Matt Knutson: Find a way to become an everyday hero

Published 9:29 pm Thursday, September 7, 2017

Things I Tell My Wife by Matt Knutson

“I love that quote from Mr. Rogers,” I reminded my wife when it popped into my head in the aftermath of Hurricane Harvey. It normally appears on social media after some sort of tragedy, usually an act of terror. It seems quite fitting for the recent natural disasters.

“When I was a boy and I would see scary things in the news, my mother would say to me, ‘Look for the helpers. You will always find people who are helping.’” Mr. Rogers said. “To this day, especially in times of ‘disaster,’ I remember my mother’s words, and I am always comforted by realizing that there are still so many helpers — so many caring people in this world.”

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It’s incredibly comforting to hear someone say that there will always be helpers. Time and time again we’ve struggled as a nation, and people rise to the occasion to aid those in their darkest hours. Nobody wants a hurricane to strike, but it is inevitable that one will. Watching the response of our emergency teams on the news, seeing the outpouring of philanthropic support — it’s all quite inspiring. When an opportunity to help comes around, we’re here to step up as a nation.

For some reason, I keep encountering people comparing Hurricane Harvey and Charlottesville. Those are two very different types of disasters, but the common conclusion I’m witness is that the “real America” is our response to Hurricane Harvey. That’s the kind of people we are. What happened in Charlottesville isn’t American — we don’t want our nation connected to that.

It’s a fascinating line of thought.

We so quickly want to distance ourselves from the white supremacy in Charlottesville that we latch on to the next disaster to provide us hope. But there was hope in Charlottesville. There was a whole group of counter-protestors standing up against white supremacy, but nobody is saying, “That’s the real America.” I wonder why. Probably because pointing to the counter-protestors as the real America would mean we don’t have a problem. If something just becomes un-American, we don’t have to address it. In reality, America is complex. Everything is the “real America.” We are a nation made up of social justice warriors, white supremacists, indecisive bystanders, and a million other labels. We are united in our differences.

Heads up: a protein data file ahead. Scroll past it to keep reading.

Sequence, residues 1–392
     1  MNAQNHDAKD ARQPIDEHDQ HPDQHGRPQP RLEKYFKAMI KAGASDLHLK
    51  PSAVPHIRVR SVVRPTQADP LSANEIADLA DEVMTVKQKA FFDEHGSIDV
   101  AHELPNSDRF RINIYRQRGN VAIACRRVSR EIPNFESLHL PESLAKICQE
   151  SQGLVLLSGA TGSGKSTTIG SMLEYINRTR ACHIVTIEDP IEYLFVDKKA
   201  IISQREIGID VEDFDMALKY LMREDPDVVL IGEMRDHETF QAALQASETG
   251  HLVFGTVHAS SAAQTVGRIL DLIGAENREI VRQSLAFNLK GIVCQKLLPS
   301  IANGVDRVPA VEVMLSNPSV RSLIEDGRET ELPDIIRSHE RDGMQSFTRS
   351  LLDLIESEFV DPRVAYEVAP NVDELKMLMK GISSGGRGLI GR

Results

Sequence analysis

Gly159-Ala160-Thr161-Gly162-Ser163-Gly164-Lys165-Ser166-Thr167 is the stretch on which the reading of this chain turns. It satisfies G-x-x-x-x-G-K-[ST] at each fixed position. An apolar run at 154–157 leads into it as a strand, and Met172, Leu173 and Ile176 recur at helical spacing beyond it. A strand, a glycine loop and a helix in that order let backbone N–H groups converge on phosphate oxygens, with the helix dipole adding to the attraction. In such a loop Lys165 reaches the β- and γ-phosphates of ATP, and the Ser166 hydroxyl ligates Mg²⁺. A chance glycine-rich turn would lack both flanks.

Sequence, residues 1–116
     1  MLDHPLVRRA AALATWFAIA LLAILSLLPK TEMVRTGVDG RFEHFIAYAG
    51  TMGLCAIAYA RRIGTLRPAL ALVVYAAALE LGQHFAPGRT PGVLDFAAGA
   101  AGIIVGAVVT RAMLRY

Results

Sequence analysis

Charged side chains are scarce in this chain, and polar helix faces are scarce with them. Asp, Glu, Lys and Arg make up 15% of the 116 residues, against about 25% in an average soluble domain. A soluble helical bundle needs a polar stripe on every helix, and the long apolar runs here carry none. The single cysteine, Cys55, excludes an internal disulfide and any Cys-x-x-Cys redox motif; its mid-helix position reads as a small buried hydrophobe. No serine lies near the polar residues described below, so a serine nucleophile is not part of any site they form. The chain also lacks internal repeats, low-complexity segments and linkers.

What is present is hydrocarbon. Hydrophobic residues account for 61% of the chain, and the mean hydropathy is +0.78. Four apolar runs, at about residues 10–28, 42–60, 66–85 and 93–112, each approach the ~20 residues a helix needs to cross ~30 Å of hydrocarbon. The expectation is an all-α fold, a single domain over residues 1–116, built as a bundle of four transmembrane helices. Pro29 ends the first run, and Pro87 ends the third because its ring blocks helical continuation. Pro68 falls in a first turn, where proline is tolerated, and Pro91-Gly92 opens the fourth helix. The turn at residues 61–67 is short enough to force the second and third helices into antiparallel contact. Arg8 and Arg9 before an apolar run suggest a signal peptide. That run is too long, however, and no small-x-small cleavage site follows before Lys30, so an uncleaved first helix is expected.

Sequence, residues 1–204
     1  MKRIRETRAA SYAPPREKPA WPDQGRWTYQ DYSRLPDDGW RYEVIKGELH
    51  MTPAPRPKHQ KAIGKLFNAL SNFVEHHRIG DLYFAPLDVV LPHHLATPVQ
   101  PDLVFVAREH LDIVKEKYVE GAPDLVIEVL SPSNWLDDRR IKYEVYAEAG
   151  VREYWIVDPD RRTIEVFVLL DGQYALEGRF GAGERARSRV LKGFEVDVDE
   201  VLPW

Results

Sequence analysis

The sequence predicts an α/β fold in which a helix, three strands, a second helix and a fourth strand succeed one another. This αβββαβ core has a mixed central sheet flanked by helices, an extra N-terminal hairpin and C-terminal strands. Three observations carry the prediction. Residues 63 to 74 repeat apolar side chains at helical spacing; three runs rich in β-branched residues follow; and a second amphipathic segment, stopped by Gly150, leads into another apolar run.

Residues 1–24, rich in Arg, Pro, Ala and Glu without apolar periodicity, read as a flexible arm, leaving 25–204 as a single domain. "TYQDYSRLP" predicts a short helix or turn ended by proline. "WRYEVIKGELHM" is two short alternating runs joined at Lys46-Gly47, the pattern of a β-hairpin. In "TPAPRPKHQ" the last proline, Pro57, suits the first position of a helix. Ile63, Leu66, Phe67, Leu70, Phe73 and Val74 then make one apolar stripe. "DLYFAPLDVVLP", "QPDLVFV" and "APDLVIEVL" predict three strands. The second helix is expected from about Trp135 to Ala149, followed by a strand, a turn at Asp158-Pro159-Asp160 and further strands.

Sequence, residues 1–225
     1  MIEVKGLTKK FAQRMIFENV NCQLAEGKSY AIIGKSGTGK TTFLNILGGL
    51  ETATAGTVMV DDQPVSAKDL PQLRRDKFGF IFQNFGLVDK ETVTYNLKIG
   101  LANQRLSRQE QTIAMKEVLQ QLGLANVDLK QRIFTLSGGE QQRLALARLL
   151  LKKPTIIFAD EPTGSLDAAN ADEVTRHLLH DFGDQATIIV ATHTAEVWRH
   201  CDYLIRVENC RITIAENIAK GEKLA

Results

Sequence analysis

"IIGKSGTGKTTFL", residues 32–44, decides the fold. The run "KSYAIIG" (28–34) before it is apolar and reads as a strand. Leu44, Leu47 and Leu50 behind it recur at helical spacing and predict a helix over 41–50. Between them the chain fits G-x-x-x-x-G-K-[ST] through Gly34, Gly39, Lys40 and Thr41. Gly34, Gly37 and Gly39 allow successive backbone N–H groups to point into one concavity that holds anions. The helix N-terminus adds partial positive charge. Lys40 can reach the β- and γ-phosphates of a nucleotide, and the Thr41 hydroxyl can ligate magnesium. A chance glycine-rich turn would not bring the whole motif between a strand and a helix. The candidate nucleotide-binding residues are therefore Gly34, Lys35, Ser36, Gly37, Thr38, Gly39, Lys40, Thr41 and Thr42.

So when people get excited about Americans doing something good, like our response to Hurricane  Harvey, we want to put our name on it. We want to label it American. But it’s also important to call out when we’re not doing something right. We shouldn’t just ignore the negative attributes of our nation — we should address them. If there’s something you don’t like being attached to American values, it’s your job to take a stand, to help rewrite who we are so we can better know who we will become.

The generosity of Hurricane Harvey has proven that our nation can still rally together whenever people are in desperation. Let’s seize this opportunity to continue to come together when people need help — but maybe they’re not at that desperate phase yet. Just weeks ago, people we struggling in Houston and few of us cared. There were people going hungry, homeless and who knows what else. In addition to being the superhero on the day when disaster strikes, we need to be everyday heroes for people in our community. Americans are good at being there in a crisis. We could do more to prevent people from getting to that point.

My daughter and I occasionally watch clips of Sesame Street on YouTube. One of my favorite songs we listen to is called “Everyday Hero.” The song begins, “You don’t have to go leaping tall buildings. You don’t need to run with super speed. You just have to be ready and able to help out when somebody’s in need.” The lyrics are a little cheesy, but there’s a good amount of heart mixed in there. In addition to helping out when disaster strikes, I encourage you to find a way to be an everyday hero in your community.

Matt Knutson is a communications specialist in Rochester.